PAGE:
BUYER BEWARE!!
    first, I have this ASUS motherboard and two GigaByte 6600GT's. AFter countless hours of trying to get this to work AND of course upgrading bios and drivers, I came to find out that these two gigabyte cards are not certified by Nvidia and they will not work in the sli mode on this ASUS board. ASUS has not returned my calls or my emails, but gigabyte, bless their hearts, wrote me back and said in essence: "our 6600GT cards work on OUR board" so too bad. Thank God for Newegg and their awesome return policy. I am returning these two and getting one 6800 GT, but of course, not from Gigabyte!
    Reply
  • mashie - Sunday, December 05, 2004 - link

    It would be nice to see tests at 2048x1536. After all if you can afford the videocards for SLI I bet you can get a proper monitor as well ;) Reply
  • Denial - Thursday, December 02, 2004 - link

    Again, why no vanilla 6800's? How would they compete with the 6600GT's in SLI? This is starting to get rediculous. Reply
  • nserra - Friday, November 26, 2004 - link

    Sorry forgot link.

    http://graphics.tomshardware.com/graphic/20041123/...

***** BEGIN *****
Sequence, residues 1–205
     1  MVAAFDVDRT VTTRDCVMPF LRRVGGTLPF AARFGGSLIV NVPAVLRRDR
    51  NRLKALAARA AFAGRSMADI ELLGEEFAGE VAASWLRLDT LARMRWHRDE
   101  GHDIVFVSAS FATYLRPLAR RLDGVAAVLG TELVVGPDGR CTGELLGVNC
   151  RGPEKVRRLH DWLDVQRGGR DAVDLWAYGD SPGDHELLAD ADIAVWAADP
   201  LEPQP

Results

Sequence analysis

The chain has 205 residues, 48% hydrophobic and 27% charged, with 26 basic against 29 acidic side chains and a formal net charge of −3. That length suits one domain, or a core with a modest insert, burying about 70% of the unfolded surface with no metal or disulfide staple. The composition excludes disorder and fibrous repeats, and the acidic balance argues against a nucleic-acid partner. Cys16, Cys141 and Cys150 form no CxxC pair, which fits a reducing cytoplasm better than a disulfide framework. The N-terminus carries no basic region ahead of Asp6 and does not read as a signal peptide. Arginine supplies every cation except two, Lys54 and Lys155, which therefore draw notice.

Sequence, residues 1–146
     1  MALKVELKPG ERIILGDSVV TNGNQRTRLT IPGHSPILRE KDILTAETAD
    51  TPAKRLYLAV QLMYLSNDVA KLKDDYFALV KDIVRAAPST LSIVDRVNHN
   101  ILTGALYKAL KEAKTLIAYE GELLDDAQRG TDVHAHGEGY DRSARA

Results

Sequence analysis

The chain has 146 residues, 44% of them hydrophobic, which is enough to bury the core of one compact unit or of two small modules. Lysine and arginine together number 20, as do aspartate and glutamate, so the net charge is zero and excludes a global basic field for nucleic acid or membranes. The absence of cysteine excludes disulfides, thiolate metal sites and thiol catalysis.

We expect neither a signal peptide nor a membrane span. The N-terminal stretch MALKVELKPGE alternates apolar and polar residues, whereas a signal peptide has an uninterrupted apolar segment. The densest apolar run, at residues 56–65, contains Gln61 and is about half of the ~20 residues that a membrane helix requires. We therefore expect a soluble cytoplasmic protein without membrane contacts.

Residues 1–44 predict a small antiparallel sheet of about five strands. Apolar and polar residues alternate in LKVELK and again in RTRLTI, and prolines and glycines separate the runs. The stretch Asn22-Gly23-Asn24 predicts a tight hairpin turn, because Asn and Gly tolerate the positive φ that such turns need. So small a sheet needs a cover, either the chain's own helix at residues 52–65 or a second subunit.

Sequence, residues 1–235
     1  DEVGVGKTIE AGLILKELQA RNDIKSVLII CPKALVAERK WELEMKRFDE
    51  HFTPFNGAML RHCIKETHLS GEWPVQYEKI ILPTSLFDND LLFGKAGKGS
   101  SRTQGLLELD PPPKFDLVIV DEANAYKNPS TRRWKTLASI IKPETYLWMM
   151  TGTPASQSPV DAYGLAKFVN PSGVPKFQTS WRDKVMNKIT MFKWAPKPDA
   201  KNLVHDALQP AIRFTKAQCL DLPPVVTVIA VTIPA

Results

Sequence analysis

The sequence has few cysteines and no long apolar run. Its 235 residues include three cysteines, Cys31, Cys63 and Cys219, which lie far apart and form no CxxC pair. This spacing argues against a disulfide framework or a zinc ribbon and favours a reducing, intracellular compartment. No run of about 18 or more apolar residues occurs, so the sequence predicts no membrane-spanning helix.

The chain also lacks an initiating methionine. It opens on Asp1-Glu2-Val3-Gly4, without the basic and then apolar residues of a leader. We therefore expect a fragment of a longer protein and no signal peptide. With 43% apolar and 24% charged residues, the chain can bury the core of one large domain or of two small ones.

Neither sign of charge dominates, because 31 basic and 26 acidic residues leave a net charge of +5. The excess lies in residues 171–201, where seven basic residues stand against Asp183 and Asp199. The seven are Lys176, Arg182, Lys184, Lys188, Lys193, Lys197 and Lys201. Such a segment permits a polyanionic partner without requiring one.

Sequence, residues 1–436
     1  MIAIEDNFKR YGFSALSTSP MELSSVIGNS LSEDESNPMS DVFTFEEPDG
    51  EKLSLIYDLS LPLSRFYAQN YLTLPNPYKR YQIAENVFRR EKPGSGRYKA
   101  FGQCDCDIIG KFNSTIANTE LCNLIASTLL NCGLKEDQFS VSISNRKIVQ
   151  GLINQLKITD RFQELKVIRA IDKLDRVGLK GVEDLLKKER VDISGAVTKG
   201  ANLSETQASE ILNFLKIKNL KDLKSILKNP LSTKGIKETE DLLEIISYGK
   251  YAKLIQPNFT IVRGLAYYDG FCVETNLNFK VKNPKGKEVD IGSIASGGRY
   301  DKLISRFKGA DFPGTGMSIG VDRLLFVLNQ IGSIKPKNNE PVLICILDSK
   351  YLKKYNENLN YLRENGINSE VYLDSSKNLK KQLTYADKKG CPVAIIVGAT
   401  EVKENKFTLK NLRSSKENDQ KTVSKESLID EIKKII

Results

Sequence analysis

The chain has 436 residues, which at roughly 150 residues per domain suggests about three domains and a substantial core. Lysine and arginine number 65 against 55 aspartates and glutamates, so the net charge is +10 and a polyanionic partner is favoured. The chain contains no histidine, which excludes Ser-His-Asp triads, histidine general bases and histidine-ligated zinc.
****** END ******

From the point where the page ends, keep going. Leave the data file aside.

Reply
  • nserra - Friday, November 26, 2004 - link

    #69 Yeah i agree.
    But let me tell you i already see something that SLI will give me.

    Having a 6600 and a X700 on the same PC.
    Reply
  • piroroadkill - Friday, November 26, 2004 - link

    I don't know if anyone's said this, but SLI is an absolutely stupid idea, why on earth don't they take the 3Dfx Voodoo5 approach and just stick two GPUs on one card? Surely this would yield similar benefits without special mobo requirements.. 16x PCIe is easily enough bandwidth to cope... then just double the amount of RAM on the card and surely this is more viable solution? sure it'd be an insanely costly card, but still cheaper than an SLI setup, and lets face it, once a single card can outpace your shiny new SLI setup, that SLI setup is going to look poor value for money and you're just going to waste both cards, it seems obscene. Reply
  • stance - Thursday, November 25, 2004 - link

    will the new duel core amd cpus that come out mext year be supported by this motherboard Reply
  • stance - Thursday, November 25, 2004 - link

    Reply
  • tombman - Wednesday, November 24, 2004 - link

    ANAND, please answer:

    1.) Can you really force SLI for games with no profile in the driver?
    2.) please make 2048x1536 or higher Tests (my CRT can da 2304x1440 :D)
    3.) please make 8xAA Tests
    4.) please check if HDR (high dynamic range rendering) in far cry works in SLI mode (other sites say no)

    Especially # 1.) is very important.

    If only games with a profile can run in SLI mode, SLI will not become very popular imo. We know nvidia- they will only have profiles for benchmarks and most common hyped games. For not so popular games there surely will be no profiles...

    thx
    Reply
  • tombman - Wednesday, November 24, 2004 - link

    test Reply